- Six days after Cyclone Idai, rescuers scramble to save hundreds stranded by floodwaters amid fears death toll will rise.
Rescue workers in Mozambique are racing against time to save hundreds of people clinging onto roofs and trees around the devastated city of Beira. These efforts come days after a powerful cyclone triggered flash floods, submerging entire villages and wiping out communities across southeastern Africa.
Aid workers on Wednesday spoke of women trapped in trees “throwing their babies” onto rescue boats. They talked of plucking people from head-deep water, only to strand them in patches of land where the water reached their ankles.
Cyclone Idai hit Beira with winds of up to 170 kilometres per hour last Thursday, then moved inland to Zimbabwe and Malawi killing hundreds and putting the lives of millions at risk.
United Nations officials say this could be the worst ever weather-related disaster to have struck the southern hemisphere.
Authorities say at least 200 people have died in Mozambique and 98 in Zimbabwe, but the death toll is likely to rise as rescuers continue to find bodies.
Mozambican President Filipe Nyusi, who has declared a national emergency and three days of mourning starting on Wednesday, has warned that the eventual number of those killed in the cyclone and flooding could rise to more than 1,000.
According to earlier estimates by the International Federation of Red Cross and Red Crescent Societies, 90 percent of Beira and its surrounding areas appear to be “completely destroyed”.
Josias Elias, found clinging to a tree almost submerged in water, said his entire village near Beira was flooded.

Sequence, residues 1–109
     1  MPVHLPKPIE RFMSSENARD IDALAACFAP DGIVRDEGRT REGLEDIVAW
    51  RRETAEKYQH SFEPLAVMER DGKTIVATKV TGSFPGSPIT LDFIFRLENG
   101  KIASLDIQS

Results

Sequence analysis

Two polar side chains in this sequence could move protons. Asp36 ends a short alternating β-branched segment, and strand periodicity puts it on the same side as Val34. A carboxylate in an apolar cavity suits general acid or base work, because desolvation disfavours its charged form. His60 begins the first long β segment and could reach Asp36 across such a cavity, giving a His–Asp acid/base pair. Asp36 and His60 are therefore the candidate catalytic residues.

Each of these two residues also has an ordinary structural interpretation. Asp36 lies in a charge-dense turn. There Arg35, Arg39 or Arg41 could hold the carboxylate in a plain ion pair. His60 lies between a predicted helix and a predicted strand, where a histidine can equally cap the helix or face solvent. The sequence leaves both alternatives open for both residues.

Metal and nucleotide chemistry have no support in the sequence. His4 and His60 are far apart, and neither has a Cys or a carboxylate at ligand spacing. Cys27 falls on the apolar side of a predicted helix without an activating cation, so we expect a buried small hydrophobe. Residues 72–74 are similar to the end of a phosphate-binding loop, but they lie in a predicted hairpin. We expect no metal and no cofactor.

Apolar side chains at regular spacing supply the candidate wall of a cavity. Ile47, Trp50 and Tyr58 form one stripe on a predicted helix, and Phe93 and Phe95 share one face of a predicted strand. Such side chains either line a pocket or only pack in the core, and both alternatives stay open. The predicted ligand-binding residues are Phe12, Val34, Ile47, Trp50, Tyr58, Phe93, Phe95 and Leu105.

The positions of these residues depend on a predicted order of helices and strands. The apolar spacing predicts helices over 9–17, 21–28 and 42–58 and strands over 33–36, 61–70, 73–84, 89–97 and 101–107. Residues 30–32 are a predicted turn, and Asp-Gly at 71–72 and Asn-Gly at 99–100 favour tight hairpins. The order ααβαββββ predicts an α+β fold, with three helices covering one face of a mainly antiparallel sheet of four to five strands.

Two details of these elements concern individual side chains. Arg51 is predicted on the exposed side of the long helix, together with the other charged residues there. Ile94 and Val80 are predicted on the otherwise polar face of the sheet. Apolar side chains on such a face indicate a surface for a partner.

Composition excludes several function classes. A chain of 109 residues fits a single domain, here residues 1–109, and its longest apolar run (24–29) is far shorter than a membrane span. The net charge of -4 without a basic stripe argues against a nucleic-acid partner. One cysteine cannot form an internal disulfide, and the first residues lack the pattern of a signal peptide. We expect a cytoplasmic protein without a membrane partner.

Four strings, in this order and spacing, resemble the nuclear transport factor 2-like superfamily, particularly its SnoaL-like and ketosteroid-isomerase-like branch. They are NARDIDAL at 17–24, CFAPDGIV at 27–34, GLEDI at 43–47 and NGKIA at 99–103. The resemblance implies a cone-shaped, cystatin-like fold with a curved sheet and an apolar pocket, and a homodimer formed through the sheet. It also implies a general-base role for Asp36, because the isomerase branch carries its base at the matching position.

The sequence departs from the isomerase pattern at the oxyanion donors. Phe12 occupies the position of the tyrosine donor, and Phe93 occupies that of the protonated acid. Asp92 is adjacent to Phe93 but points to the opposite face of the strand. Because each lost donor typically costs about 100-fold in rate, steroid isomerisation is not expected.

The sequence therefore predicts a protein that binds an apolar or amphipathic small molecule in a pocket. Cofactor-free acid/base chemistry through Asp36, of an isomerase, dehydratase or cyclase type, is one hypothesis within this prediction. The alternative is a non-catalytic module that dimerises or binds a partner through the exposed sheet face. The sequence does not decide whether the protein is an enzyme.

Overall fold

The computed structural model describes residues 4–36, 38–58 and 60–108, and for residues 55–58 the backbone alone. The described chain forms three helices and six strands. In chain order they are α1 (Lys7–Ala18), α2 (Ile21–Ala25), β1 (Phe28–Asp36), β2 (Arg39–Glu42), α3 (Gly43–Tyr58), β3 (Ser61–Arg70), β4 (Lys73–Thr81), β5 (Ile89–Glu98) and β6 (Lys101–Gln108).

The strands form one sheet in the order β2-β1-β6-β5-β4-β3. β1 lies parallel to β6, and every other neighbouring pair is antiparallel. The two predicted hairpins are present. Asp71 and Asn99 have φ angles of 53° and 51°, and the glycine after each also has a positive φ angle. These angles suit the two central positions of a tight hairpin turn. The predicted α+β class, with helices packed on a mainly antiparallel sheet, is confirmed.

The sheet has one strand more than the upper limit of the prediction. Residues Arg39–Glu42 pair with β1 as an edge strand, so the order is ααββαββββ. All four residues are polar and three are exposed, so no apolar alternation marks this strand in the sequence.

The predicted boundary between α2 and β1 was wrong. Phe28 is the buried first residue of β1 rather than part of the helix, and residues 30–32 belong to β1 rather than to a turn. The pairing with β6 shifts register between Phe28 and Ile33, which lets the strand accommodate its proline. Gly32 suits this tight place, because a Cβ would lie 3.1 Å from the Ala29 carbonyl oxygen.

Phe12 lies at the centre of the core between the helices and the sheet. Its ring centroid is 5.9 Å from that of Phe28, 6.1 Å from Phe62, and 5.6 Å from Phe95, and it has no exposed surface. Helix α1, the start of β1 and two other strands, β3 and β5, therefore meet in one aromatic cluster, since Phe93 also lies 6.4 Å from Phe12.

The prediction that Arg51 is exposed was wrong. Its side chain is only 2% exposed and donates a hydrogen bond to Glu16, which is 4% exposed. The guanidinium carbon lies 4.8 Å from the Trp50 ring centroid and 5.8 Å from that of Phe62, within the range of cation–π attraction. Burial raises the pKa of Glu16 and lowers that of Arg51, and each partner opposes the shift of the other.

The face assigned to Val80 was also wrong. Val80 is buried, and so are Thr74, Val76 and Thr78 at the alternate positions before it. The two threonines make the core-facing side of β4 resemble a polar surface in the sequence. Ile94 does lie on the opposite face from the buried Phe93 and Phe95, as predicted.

“There’s no more reason to go back. All of our houses have been destroyed,” he said.”The devastation is vast. As far as the eye can see, it’s just water, you can’t see any land.”
On Tuesday, rescuers saved 167 people around Beira with the help of South African Air Force helicopters.
On Wednesday, rain was continuing to fall in and around the city of some 500,000 people, complicating rescue efforts and meaning that aid had to be flown in by helicopter or plane.
|People gather on the roof of a house submerged by floods in Buzi on Wednesday [Adrien Barbier/ AFP]|
Meanwhile, the UN’s humanitarian office said the central area of Buzi, populated by some 200,000 people, was at risk of becoming “at least partially submerged”.
The WFP said the cyclone and flooding have affected at least 2.6 million people in the region, causing a “major humanitarian emergency that is getting bigger by the hour”.
The agency said analysis of satellite imagery suggested that up to 1.7 million people in the country had been in Idai’s path. Another 920,000 were affected in Malawi.
“Everyone is doubling, tripling, quadrupling whatever they were planning” in terms of aid, said Caroline Haga of the Red Cross in Beira. “It’s much larger than anyone could ever anticipate.”
The European Union released $3.9m in emergency aid, and Britain pledged up to $7.9m.
The chairman of the African Union Commission said it would provide $350,000 in immediate support to the countries. The United Arab Emirates pledged $4.9m to Mozambique, Zimbabwe and Malawi, the Emirates News Agency reported, citing the Emirates Red Crescent. Norway said it was providing $700,000.
Tanzania’s military has sent 238 tonnes of food and medicine, and three Indian naval ships have been diverted to Beira to help with evacuations and other efforts.
More to follow…